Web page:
Israeli Officials Weigh Harsher Steps to Curb Jerusalem Unrest

Protest

A Palestinian protester throws a petrol bomb towards Israeli security forces during clashes following an anti-Israeli protest after the weekly Friday prayers on Sept. 18.

Photographer: Hazem Bader/AFP/Getty Images

Israeli authorities are debating measures to curb rising unrest in Jerusalem, including a law that mandates “minimum punishments” for the throwing of rocks and firebombs.

Israeli and Palestinian officials have blamed each other for instigating the latest round of violence in Jerusalem, which has centered around the holy site known to Jews as the Temple Mount and Arabs as al-Haram al-Sharif, or the Noble Sanctuary. The site, captured by Israel in the 1967 Middle East war, is a regular flashpoint for unrest.

Prime Minister Benjamin Netanyahu said Israeli police have begun implementing orders giving them wider discretion in using live fire against rioters.

“Stones and firebombs are deadly weapons; they kill and have killed,” Netanyahu said on Sunday. “Therefore, in recent days we have changed the open-fire orders for police in Jerusalem. Already over the weekend they used the new measures under the new orders and immediately hit those throwing stones and firebombs.”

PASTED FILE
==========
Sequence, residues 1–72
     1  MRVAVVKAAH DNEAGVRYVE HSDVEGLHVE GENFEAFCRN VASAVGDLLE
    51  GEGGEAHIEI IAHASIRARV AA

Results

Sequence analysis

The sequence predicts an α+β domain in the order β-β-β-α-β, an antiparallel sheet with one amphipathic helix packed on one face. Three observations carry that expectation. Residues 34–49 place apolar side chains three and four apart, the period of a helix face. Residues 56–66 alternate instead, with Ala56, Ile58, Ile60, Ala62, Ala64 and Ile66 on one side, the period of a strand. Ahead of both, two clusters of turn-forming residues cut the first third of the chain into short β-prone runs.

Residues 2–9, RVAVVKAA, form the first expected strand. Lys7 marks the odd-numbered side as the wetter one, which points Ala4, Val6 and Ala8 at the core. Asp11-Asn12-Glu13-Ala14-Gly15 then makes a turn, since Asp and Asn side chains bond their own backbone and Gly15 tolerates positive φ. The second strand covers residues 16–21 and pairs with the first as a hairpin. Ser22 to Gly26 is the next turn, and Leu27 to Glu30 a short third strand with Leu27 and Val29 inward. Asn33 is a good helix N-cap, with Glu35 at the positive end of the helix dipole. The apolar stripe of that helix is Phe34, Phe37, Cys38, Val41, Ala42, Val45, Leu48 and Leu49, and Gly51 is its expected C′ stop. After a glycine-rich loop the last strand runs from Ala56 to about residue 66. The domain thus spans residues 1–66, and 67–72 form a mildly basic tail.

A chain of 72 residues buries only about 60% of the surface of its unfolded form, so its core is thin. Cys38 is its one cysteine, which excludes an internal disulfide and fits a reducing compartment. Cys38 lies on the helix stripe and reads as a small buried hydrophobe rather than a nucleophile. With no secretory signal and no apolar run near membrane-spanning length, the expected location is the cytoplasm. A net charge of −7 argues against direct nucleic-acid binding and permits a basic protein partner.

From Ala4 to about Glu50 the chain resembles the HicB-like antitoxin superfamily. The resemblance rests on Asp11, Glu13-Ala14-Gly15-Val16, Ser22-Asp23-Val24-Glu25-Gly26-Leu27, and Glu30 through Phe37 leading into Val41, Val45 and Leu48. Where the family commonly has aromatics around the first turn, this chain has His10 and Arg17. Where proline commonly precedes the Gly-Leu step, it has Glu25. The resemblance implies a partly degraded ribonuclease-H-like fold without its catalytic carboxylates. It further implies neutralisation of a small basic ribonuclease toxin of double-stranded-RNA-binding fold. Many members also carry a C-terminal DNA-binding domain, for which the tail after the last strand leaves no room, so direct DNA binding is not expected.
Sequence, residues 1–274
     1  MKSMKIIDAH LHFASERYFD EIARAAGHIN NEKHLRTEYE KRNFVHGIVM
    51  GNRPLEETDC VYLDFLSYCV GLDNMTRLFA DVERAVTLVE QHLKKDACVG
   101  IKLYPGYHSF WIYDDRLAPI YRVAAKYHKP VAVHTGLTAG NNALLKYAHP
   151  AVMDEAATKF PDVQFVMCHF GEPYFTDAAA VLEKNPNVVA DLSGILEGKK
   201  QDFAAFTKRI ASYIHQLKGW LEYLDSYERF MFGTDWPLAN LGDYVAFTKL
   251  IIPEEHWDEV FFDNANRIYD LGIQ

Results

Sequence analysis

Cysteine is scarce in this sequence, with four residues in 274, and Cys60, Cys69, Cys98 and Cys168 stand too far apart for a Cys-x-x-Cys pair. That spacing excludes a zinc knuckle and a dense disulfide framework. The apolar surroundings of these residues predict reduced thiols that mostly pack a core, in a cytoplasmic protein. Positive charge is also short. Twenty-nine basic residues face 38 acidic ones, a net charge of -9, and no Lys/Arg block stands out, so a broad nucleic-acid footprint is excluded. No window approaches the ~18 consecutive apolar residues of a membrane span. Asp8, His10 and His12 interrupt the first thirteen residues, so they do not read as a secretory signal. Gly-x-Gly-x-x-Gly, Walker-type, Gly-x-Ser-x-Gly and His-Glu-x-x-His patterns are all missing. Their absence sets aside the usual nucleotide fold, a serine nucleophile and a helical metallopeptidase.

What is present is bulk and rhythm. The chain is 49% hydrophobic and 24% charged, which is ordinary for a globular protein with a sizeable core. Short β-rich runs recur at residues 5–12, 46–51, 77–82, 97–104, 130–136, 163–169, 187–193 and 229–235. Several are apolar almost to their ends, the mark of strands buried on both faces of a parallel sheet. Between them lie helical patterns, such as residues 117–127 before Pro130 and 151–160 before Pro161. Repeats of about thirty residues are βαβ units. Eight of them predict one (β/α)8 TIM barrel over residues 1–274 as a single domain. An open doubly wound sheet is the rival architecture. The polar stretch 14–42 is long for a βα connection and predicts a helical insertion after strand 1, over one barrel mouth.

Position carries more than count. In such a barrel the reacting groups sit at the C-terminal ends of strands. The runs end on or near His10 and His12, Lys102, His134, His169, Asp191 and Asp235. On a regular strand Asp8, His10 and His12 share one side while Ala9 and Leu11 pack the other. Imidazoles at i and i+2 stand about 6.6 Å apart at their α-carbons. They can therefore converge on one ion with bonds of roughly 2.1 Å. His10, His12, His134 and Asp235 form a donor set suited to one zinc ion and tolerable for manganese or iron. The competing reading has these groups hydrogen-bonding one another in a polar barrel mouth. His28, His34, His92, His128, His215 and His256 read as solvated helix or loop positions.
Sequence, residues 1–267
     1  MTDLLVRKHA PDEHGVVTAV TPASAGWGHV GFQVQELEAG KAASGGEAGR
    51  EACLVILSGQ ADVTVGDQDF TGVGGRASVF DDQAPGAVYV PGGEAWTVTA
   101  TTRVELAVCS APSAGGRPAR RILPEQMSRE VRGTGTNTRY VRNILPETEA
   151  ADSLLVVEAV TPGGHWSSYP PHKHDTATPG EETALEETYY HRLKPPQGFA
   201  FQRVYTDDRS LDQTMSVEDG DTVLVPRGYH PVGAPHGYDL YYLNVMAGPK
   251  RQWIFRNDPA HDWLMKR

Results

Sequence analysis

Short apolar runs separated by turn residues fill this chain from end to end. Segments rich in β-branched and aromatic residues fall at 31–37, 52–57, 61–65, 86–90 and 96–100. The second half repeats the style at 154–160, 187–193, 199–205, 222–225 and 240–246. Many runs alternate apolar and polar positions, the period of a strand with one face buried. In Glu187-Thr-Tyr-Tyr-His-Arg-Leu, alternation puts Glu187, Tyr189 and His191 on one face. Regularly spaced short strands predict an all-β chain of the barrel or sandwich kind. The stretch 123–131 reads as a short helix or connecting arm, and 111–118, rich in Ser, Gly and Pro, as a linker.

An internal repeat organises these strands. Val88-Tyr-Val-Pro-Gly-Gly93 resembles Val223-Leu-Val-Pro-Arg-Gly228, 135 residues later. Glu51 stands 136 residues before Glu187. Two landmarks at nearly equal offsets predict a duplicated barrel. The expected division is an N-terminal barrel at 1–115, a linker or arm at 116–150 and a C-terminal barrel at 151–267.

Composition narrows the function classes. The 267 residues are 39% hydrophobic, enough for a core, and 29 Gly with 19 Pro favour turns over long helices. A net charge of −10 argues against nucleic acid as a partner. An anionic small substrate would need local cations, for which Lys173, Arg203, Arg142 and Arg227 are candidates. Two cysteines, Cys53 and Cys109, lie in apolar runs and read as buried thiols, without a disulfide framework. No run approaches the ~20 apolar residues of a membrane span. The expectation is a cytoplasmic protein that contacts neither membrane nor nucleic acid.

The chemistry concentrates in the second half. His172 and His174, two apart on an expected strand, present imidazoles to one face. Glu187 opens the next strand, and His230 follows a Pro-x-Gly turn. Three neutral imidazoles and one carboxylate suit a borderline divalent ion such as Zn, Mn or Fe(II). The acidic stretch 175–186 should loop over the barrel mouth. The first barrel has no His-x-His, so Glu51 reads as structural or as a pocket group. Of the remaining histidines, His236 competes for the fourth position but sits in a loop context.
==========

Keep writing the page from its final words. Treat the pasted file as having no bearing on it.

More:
The cabinet also discussed imposing fines on parents of minors convicted of violence, according to a statement from the prime minister’s office.

An Israeli driver was killed last week in Jerusalem after he lost control of his vehicle while it was pelted by Arab stone-throwers, according to police.

Netanyahu defended police actions at the Jerusalem shrine. He said Israel is trying to maintain a status quo in place since 1967, granting Muslim religious authorities control over the site’s mosques while allowing for Jewish and Christian visitors to visit the hilltop compound in Jerusalem’s historic Old City.

U.S. Secretary of State John Kerry on Saturday said “all parties need to refrain from incitement” over the Jerusalem site. Jordan’s King Abdullah accused Netanyahu of inflaming a delicate religious situation, Israel Radio reported.

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